Product placement is defined as all forms of commercial, audiovisual communication that include a product, a service or brand, or make reference to it by inserting it into a program, in exchange for payment or other benefit in kind (1). This communication method is termed hybrid whenever it integrates a brand into a non-commercial context in order to influence the spectator. The greater the program’s popularity, the greater the brand exposure, and sales of branded products will increase correspondingly.
Nevertheless, as regards product placement, there is a significant gap between France and the United States. In France, product placement does not account for more than 5% of total film budgets, against 30% in the United States. As an example, the Apple brand alone financed 16% of the total budget of the film “Mission Impossible: Phantom Protocol” in 2011, representing an investment of $23.5 million.
The success of product placement in the US is essentially due to the absence of regulations or legislative structures in this domain.
In France, product placement has been prohibited for a long time (2). The French Higher Audiovisual Council (CSA) allowed a certain tolerance for the cinema without specific guidelines. Then a 2007 European directive (3) reaffirmed the principle of the prohibition of product placement across all audiovisual media, but left to the discretion of Member States, however, the possibility of allowing it within a given framework. France transposed the directive in 2009 (4) and granted the CSA the authority to determine the conditions under which audiovisual communication programs can feature product placement (5). The CSA defined the conditions as follows:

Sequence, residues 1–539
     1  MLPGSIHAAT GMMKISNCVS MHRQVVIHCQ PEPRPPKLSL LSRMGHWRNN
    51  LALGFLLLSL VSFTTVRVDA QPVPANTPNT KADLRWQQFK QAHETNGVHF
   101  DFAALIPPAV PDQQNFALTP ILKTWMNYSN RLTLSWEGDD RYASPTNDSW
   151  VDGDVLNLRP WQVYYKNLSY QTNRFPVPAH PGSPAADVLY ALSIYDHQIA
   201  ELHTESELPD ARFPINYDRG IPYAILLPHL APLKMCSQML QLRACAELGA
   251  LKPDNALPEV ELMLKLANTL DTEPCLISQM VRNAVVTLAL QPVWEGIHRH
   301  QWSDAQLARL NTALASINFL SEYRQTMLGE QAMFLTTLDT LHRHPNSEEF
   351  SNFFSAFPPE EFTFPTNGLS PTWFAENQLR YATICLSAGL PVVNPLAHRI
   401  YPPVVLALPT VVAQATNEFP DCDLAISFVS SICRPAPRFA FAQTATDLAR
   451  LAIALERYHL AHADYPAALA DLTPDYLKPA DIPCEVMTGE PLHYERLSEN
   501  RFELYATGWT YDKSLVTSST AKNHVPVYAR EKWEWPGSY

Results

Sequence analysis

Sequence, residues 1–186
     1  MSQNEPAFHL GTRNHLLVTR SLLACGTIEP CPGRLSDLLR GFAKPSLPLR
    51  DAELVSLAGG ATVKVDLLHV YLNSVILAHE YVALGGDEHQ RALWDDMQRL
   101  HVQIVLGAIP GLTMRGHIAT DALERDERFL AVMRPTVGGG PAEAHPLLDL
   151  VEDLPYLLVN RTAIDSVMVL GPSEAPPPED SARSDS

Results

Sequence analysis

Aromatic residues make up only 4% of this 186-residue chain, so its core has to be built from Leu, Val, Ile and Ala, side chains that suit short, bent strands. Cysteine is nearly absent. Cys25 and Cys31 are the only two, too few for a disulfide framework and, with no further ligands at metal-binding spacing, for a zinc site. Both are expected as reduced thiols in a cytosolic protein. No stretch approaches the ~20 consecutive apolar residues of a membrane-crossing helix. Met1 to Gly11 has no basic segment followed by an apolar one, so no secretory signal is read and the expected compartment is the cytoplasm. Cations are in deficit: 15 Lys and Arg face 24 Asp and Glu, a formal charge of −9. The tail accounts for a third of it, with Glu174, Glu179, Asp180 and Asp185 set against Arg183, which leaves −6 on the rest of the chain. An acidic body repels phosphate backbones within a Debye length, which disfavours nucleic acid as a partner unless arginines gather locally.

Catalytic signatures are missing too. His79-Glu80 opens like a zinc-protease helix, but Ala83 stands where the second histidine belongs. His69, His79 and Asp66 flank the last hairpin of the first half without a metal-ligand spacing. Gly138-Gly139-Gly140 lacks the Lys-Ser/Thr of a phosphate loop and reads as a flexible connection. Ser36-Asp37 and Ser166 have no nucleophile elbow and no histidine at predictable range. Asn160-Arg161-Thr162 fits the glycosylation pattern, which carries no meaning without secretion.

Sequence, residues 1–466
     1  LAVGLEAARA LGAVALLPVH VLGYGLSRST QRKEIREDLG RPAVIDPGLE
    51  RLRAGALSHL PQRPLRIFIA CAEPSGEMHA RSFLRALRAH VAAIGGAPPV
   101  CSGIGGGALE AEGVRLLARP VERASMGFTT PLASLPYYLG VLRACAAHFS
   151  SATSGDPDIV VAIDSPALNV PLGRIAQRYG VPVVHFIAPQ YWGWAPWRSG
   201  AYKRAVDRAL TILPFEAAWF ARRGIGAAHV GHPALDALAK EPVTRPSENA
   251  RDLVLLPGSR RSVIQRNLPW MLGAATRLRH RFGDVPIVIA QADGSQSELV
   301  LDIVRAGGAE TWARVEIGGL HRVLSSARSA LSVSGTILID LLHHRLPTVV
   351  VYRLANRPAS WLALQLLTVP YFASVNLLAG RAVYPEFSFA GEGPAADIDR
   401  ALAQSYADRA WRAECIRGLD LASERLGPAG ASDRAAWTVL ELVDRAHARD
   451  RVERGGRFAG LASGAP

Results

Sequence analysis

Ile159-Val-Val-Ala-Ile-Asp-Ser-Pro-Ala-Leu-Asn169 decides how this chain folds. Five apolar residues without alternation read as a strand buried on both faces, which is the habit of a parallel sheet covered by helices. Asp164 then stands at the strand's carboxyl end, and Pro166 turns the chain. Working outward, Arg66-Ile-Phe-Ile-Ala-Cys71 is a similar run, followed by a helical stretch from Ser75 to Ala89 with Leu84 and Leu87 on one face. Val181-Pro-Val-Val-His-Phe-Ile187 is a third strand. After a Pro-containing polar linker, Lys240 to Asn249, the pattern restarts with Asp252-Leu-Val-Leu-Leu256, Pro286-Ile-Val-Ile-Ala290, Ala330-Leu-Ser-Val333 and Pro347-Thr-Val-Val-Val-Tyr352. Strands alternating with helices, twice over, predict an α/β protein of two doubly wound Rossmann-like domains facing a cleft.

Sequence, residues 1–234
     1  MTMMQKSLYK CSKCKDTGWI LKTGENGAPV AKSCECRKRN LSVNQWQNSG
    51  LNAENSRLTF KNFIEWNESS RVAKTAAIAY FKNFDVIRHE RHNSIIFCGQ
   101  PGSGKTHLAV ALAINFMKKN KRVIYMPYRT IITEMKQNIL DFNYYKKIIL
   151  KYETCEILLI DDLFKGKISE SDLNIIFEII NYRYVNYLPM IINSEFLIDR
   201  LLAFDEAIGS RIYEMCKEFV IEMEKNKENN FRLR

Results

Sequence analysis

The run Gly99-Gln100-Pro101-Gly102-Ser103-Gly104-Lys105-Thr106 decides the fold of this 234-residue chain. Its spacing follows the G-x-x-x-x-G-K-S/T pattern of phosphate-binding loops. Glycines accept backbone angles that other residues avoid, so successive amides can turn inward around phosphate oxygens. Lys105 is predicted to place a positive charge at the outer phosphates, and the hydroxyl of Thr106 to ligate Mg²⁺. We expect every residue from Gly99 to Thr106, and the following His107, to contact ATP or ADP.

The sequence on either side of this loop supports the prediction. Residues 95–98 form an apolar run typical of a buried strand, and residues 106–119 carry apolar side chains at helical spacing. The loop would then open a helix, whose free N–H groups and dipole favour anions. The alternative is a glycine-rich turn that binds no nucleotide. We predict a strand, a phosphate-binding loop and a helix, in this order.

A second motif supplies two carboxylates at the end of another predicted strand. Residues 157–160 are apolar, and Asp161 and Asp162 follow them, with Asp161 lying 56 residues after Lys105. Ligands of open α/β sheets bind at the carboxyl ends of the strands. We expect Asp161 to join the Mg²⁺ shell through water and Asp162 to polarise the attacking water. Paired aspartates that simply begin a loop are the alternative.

- Product placement is only authorized in films, audiovisual fictions and music videos unless the production is for children. It is banned in all other programs.
- Product placement must exclude alcoholic drinks, tobacco and related products, medicines (with or without prescription), fire-arms and baby-foods.
- The spectator must be informed of the existence of product placement notably by the use of a pictogram appearing as follows on the screen.
As well as being lucrative and providing an increasing number of product sales, product placement in films also has an impact on the brand’s reputation itself. Placement can be extremely beneficial in cases where the trademark holder is responsible for the placement, but equally it can harm the brand’s reputation where this is not the case. It may be that the holder is not satisfied by a placement, either because it hadn’t been requested or his opinion had not been sought, or because the placement did not respect the terms of the contract. In certain cases, unsolicited placements can devalue the brand or product. In this type of case, lawsuits could be filed for abusive, unauthorized use of a trademark or for tarnishing the image or reputation of the brand.
Product placements must therefore be chosen with care. Need advice? Dreyfus, specialists in trademark protection, are here to assist you.
(1) Article 1(m) in directive 2007/65/CE.
(2) 1989 Directive n°89/552/CEE and 1992 transposition law prohibiting product placement with the exception of cinematographic productions.
(3) Directive 2007/65/CE of the European Parliament and the Council of December 11 2007 modifying Council directive 89/552/CEE.
(4) Law n° 2009-258 of March 5 2009.
(5) Deliberation n° 2010-4 of February 16 2010 concerning product placement in television programs, published in the Official Journal on March 5 2010, modified by deliberation on July 24 2012, published in the Official Journal on August 7 2012.